Should data protection and user privacy be taught in schools?

Children are not aware of, or choose to ignore issues of data privacy and protection, in exchange for flashy free services like social networks.
Written by Zack Whittaker, Contributor

Freedom of information, user privacy and data protection: three things most of the younger generation do not care about.

Those three things alone, in any sentence, even including the words "Harry Potter" and "Facebook", will all but guarantee to bore the trousers off anyone under the age of 18.

But these 'boring' considerations to our online lives are barely considered by younger people, who frivolously exchange their personal data to web services without knowing the possible consequences.


Last week, the UK's data protection agency, said that children should know about their rights regarding data protection and online privacy.

I couldn't agree more -- but it falls back down to poor education. Kids are being taught to write documents in Word and create flashy presentations in PowerPoint, and not about the crucial workings of the web that keeps most of the internet 'free'.

Ask yourself this: why are so many services free? What do they get out of it in return? Your personal data, which you own or generate through uploads and status updates, is the new world currency.

People nowadays, on the most part, do not realise the implications of handing over personally identifiable information. Your date of birth, for one, is a crucial marker to allow access to all kinds of accounts -- and will all but certainly be used by someone else for their phone password or bank account access code.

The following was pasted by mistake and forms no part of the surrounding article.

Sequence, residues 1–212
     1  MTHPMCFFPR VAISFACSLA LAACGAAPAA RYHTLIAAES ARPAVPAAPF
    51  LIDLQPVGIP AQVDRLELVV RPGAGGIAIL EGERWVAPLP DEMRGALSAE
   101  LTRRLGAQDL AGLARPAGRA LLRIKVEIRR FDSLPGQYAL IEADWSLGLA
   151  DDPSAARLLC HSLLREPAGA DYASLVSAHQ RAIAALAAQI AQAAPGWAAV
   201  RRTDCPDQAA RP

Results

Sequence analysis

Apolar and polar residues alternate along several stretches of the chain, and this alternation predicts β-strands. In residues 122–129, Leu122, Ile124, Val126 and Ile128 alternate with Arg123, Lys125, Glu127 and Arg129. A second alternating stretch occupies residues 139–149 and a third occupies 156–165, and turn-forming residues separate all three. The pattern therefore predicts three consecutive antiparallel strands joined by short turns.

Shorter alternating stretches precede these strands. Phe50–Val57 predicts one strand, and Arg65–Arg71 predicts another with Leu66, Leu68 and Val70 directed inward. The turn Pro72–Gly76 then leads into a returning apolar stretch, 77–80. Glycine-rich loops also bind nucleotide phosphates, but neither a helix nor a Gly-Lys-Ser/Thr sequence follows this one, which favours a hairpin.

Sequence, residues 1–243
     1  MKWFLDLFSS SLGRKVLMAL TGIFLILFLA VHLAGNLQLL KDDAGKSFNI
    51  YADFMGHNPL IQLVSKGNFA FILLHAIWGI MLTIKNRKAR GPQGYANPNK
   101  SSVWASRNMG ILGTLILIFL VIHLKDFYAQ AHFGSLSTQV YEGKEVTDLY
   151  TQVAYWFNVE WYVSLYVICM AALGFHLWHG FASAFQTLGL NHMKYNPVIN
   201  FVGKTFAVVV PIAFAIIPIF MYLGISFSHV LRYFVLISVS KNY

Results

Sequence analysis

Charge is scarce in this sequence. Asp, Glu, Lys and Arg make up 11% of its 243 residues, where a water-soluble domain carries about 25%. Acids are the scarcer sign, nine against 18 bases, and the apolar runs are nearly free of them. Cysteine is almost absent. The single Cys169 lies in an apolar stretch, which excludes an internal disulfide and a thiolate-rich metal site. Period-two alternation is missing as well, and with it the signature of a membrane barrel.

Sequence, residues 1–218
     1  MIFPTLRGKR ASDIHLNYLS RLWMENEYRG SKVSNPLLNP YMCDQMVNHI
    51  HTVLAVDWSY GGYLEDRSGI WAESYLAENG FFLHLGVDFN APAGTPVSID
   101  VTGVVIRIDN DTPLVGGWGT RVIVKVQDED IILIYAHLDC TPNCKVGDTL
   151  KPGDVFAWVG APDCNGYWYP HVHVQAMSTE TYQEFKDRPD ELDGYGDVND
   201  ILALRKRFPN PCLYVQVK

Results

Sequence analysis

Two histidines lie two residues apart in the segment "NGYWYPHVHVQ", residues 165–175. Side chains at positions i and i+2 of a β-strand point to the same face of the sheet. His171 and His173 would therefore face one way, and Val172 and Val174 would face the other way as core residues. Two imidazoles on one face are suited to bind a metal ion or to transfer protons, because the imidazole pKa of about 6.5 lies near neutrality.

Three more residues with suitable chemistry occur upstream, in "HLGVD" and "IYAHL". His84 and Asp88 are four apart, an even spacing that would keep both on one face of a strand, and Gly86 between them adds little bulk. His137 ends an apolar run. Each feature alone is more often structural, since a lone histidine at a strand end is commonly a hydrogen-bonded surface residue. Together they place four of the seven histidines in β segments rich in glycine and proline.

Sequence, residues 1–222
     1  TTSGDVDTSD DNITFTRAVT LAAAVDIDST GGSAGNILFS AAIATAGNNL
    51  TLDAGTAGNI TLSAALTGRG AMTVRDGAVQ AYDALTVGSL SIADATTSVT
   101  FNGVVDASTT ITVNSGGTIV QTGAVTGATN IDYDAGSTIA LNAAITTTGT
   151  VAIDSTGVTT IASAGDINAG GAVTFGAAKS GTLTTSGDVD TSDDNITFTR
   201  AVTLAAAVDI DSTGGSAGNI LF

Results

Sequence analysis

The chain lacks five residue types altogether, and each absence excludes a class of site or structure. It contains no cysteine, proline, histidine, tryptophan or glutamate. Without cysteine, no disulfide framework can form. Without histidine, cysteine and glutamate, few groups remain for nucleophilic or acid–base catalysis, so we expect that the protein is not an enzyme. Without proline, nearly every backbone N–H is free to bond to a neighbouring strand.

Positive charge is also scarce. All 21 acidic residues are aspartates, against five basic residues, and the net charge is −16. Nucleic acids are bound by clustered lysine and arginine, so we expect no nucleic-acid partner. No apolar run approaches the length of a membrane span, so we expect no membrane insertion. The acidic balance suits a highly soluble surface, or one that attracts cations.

Data theft is one of the most common kinds of cybercrime and people can spend years rebuilding their lives after their identities have been stolen.

Personal data has been exposed, lost or stolen hundreds, if not thousands of times this year alone; only a small proportion of which are reported about in the press. This sensitive personally identifiable information can be used to exploit money or goods, and many simply shrug their shoulders and think, "so what?".

Generational parallels is apparent here, with older users being generally more aware of their data, but finding the increasing risk of online cybercrime something difficult to contend with. Yet, younger users are generally better equipped to understand the vast number of risks out there, but are foolhardy in handing out their personally identifiable data.

Teachers in schools, therefore, will struggle to teach a subject they only know half of, as they deal with the overlapping knowledge circles.

Teenagers and "tweens" today, who subscribe to email services to social networking sites, are openly handing their data to service providers and advertisers. From here, detailed metrics are being collected and examined to determine what people like, when they are most likely to want it, and pushed options to how to get it.

This alone on the face of it sounds like a 'helpful' invasion of privacy; something most of us would live with but only if we get something out of it. Of course, this diatribe could go on and on, discussing "surveillance society" and whatnot, but the salient facts remain.

Children and teenagers should be taught data protection rights and rules, to not only prevent lapses of their own security, but to maintain a sense of privacy for their own future.

Because, it will not be long before we as individuals begin to understand and fully visualise exactly how much data is held on us, and how damaging third-party providers could find this when the lawsuits start rolling in.

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